Tuesday, 27 April 2010

Poetry/cake please

It strikes me how many Quakers are poetry lovers/writers. Or at least that's how it seems to me. In our newsletters, here on the blog, and now Roger's poem in The Friend.

So, it shouldn't surprise you that I had a lovely conversation about poetry after Meeting this past week. Partially about Roger's poem, but not just and not just really although I liked his poem and could publish a post just on why I like what he wrote down and pulls out of experiences for me (thank you for reminding me of the blue shirt). I like this about Quakers though, this word-and imagery-loving-ness.

I went home smiling about that and then I almost literally tripped over a poem I wrote last summer (well the book it was in) not about Quaker worship but because I had been trying to describe how the sacred occurs at other times.

And I felt inspired by that talk and by Roger to rewrite it...and then share it. I wonder how many of you have poems about Quakers too? How many poems are there in newsletters or in closed pages or whispered on tongues but never spoken aloud? Wouldn't it be nice to publish/re-publish some of them here together?

Anyways, must run...am off to - what else - a talk on poetry :-).

Quaker cakes
by Nadine Wills

It's the sifting together
deliciously layered
that somehow reveals
strawberry smiles.

It's in the brought-ness
this done thing - sharing -
waiting to be undone.
Because it was brought
now a mostly empty space
in place of that sweet offering.

And everyone ate
a daffodil sun
dappled chocolate fingers
sometimes we didn't talk
as children
hopped around us.
And perhaps
in moments
small as fairycakes
nothing matters.

But we ate.
We came together and we ate
what was offered to us
with all those hands and tastes.
All those times,
with all those Friends,
we ate.
We ate Quaker cakes.

Tuesday, 6 April 2010

Worship as Access

I very much like and commend Maurice's blog dated 2nd April about the style of worship in our Meeting.

Maybe the whole purpose and function of the Quaker mode of worship is to court access to that wordless place where awareness of the spirit may grow. Genuine access to the spirit may be wordless and unruly, but some people like to take it over and organise it and script it. I prefer my spirit to be subversive.

Friday, 2 April 2010

Ministry in Meeting for Worship

I enjoyed all the contributions on the blog concerning the size of our Meeting and the issues related to our ‘threshing’ in January. It’s great that many from our Meeting expressed both at our Meeting in February and via the blog their perception of our situation as being a wonderful opportunity rather than as a concern, in the sense of it being a problem! I’m glad too that related issues around ministry and silence, have been ‘threshed’. On Jan. 31st Laura wrote of her “delight that we should be having this discussion via the blog”. I’m happy that the whole topic is being kept alive and before it goes to sleep I would like to offer my perspective on silence and ministry in worship.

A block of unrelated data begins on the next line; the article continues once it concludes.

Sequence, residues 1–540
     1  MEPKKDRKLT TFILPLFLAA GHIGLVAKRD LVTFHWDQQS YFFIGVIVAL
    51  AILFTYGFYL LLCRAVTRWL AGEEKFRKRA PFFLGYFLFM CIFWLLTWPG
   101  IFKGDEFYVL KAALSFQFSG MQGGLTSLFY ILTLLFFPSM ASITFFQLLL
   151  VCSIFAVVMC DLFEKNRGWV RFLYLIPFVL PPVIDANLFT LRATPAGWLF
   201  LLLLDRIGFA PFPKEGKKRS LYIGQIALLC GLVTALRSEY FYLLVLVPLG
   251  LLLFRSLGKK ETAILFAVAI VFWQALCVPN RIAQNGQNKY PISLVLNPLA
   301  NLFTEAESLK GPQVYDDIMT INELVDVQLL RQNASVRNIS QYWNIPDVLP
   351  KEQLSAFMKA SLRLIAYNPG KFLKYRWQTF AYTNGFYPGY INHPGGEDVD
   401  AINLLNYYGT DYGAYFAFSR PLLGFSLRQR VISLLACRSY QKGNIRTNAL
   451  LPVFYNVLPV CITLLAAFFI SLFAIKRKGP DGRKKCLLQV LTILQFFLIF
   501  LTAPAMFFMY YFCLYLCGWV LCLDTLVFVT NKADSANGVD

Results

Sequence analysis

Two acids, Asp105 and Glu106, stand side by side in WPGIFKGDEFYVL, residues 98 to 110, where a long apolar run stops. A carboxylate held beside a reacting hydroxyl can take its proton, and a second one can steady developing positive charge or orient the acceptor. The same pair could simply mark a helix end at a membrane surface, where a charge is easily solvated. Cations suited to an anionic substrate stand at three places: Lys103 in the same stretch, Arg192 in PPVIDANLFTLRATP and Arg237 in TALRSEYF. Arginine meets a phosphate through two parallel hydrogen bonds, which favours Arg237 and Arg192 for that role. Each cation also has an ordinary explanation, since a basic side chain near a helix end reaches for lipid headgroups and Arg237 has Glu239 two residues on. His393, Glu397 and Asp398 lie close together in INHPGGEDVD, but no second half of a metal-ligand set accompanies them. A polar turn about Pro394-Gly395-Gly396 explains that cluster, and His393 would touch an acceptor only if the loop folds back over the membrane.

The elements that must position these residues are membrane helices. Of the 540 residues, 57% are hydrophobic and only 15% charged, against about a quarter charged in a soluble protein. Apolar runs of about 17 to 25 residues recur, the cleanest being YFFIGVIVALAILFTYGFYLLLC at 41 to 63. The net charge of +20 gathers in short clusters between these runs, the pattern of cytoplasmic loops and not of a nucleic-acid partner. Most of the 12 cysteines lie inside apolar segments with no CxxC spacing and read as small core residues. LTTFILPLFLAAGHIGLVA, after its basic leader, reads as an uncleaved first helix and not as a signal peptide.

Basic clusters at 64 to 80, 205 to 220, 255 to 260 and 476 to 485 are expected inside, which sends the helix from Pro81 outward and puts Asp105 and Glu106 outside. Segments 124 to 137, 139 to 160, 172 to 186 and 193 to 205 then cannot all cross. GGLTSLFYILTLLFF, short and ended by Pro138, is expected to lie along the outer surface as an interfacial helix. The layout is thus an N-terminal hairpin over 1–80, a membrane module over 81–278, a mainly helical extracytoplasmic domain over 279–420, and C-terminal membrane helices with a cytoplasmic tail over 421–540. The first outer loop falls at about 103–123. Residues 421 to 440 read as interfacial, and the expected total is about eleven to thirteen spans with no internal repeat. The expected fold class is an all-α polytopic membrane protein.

At Meeting for Sufferings on March 27th many of these same issues were raised and ‘thrashed’. The topic was taken from priority ‘a)’ of “A framework for Action 2009 – 2014”: ‘Strengthening the spiritual roots in our meetings and in ourselves’. It seamed very clear at Sufferings that whether ‘bums on seats’ are increasing or decreasing, the relationship between silence and ministry in worship is an issue very much alive throughout our YM. I was glad to be able to offer some feedback from our own Meeting, flowing from our February 7th LM and the many reflections offered by Craig, Simon, Laura, Sharon, Rosie and others who have contributed to the blog.

The following insight once came to me in the silence. Suppose a group of hermits decided to meet for an hour each week to pray or to contemplate. Being hermits they agreed that the whole gathering would be in total silence!! The question for me was: whilst the hermits would surely gain a great deal from the experience – would this be what we seek in our Meetings for Worship?

In my view the answer is a very simple ‘no!!’ My perspective is that we meet as a community in which we wish to support one another and to learn from one another. Our community grows in depth not only through what comes to us individually in the silence but also through the sharing of the inner experiences that each individual recognise as spiritual or as being of God. It’s my belief that Quakers should have reason to be concerned if the balance tips too far in one direction or the other i.e. if within our MfW we have too much ministry or too much silence!

I see clearly the problem of too much predictable or ‘heady’ ministry. However, it would be concerning if individuals who join us in Worship were deterred from exercising their gift of ministry because they get the impression that meeting in silence is more valuable than a Meeting with ministry. I know that I’m nourished both by silence and by the ministry that flows from what others experience as coming to them from the same silence.